Press-Republican

April 30, 2013

Editorial: Compassionate, wise measure

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Press-Republican

---- — New York City Mayor Michael Bloomberg cares about his constituents’ health. He has forced them to reduce their intake of fats — much to the chagrin of some of the city’s civil libertarians — and tried to legislate the size of their sodas.

Now his administration is aiming to legislate against young smokers. That latter is a goal behind which sensible and sensitive people ought to stand with solidarity.

The city is proposing to raise the minimum age to buy cigarettes in the city from 18 to 21.

Why not? Why keep the age of purchase at 18? So they can begin draining the Medicaid and Medicare pools for all of us earlier? So they can expose more of us to deadly cigarette smoke?

Here’s the thing: For some unfathomable reason, some young people still seem to think smoking is cool. They’re told repeatedly it makes them dreadfully unhealthy from scary bodily breakdowns as they move through life. But, in their youthful overconfidence and shallow information pool, they believe they’ll simply quit if and when smoking becomes a personal problem.

Wait until they try. A fortunate few are able to negotiate that treacherous denial of habitual cigarettes with little difficulty. But for the overwhelming majority, it is perhaps the hardest thing they’ll ever accomplish. Too many unlucky souls never can manage it.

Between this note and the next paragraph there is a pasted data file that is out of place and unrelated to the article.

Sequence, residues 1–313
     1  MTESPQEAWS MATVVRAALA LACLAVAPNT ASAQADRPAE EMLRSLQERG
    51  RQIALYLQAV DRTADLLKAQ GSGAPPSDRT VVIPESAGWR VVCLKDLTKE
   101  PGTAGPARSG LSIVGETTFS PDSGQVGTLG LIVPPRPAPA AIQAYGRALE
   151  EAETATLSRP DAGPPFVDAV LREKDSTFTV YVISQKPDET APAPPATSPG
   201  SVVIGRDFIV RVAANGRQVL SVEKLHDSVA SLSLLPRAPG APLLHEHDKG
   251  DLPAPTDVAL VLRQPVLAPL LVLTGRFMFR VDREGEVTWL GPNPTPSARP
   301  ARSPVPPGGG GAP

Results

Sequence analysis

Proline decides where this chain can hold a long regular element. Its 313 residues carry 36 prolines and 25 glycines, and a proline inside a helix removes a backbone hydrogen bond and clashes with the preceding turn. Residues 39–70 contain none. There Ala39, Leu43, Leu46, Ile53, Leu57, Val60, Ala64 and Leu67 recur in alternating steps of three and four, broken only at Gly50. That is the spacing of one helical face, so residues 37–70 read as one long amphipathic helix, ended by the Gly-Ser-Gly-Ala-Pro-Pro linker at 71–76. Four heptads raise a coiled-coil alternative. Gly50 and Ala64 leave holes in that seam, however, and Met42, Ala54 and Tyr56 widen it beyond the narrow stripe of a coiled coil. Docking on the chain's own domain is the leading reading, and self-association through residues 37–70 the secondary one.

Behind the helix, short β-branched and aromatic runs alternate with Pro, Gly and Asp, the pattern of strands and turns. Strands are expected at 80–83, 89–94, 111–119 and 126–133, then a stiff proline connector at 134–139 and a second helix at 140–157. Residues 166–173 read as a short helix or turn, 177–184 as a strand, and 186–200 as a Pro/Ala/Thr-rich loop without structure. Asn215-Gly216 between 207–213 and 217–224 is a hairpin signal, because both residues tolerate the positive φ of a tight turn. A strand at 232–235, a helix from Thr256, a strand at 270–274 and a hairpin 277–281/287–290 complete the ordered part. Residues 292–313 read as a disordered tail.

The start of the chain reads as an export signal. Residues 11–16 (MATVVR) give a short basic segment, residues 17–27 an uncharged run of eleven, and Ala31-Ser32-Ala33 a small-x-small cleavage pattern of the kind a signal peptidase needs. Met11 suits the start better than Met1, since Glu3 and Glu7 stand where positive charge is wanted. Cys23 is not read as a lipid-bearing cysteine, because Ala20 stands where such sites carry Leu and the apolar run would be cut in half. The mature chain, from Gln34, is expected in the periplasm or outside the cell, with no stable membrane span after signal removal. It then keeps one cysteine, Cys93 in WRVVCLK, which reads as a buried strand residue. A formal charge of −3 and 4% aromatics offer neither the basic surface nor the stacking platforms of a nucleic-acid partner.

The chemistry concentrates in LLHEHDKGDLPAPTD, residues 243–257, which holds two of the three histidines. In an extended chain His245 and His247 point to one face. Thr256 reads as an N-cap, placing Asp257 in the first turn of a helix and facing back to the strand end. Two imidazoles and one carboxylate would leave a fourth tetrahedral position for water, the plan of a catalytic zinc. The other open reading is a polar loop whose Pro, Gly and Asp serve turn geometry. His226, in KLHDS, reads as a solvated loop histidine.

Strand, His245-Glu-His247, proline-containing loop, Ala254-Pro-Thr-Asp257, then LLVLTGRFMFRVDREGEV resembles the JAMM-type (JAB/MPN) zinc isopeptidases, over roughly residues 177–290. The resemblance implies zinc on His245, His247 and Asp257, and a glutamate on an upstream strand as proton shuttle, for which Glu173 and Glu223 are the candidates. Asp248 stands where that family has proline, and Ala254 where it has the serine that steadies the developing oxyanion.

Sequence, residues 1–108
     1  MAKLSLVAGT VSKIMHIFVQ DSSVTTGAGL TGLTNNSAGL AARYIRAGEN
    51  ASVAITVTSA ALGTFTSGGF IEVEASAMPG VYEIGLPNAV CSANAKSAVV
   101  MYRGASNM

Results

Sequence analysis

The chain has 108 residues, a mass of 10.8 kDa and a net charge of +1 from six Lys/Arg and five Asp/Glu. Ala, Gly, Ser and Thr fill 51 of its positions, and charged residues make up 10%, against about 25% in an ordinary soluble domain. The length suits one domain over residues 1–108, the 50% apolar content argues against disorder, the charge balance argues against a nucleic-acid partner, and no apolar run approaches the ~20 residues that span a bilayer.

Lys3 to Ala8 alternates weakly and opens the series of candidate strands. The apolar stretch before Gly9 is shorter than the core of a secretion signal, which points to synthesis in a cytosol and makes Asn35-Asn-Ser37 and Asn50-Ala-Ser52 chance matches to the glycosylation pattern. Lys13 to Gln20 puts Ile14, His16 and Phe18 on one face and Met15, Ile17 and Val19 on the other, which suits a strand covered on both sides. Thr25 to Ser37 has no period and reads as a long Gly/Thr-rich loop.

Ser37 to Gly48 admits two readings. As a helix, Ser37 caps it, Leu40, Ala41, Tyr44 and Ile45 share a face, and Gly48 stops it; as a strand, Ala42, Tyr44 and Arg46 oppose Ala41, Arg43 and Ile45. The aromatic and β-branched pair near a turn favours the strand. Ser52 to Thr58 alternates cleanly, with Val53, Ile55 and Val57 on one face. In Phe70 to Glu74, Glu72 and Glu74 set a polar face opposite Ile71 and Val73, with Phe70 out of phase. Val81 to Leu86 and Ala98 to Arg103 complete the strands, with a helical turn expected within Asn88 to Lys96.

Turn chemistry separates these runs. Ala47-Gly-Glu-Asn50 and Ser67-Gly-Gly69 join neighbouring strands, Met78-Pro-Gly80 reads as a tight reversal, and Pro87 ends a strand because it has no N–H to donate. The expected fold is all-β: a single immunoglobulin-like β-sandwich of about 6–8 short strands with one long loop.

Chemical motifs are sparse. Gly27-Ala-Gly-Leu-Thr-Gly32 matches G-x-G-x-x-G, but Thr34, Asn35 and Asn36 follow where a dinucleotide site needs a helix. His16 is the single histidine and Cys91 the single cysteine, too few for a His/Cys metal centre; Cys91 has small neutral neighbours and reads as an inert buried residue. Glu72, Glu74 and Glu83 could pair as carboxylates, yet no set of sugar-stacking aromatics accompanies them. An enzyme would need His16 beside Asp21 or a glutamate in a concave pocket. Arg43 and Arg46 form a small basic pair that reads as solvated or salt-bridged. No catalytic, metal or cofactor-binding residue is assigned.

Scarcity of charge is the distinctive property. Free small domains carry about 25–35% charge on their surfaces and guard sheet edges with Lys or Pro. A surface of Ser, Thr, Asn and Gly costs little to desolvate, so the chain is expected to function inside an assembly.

Research shows that 90 percent of current adult smokers started smoking at or before the age of 18, which shows how smart it is to target younger people for cigarette-sales bans.

In New York City, the cigarette retailers complain they’ll lose precious revenue to competitors in neighboring counties and states. We sympathize with them, as the loss of cigarette sales will undoubtedly pinch at a pivotal time.

But you can’t make an argument for your own prosperity based on the certain deaths of some of your customers. Besides, having to travel outside your area to buy cigarettes may be a factor in discouraging how often an individual smokes.

And 18- and 20-year-olds simply aren’t mature enough to make the decision whether to take up smoking. We know, we know — the old saw says that if you’re old enough to go to war, you’re old enough to light up. Nonsense. Military service is a decision about one’s career and one’s feeling of responsibility to the nation. It cannot be interpreted as license to recklessly bring a whole host of health woes upon yourself and those around you, at debilitating cost to everyone.

If cigarette smoking were substantially limited, so would be the amount of tax money — “sin tax” money — the government realizes. That’s another point made by smoking advocates (what a term to be applied to oneself).

But the costs of health care surely more than offset gains from sales tax on tobacco.

We congratulate New York City on taking this controversial but sage step. We hope the fervor spreads beyond the Big Apple.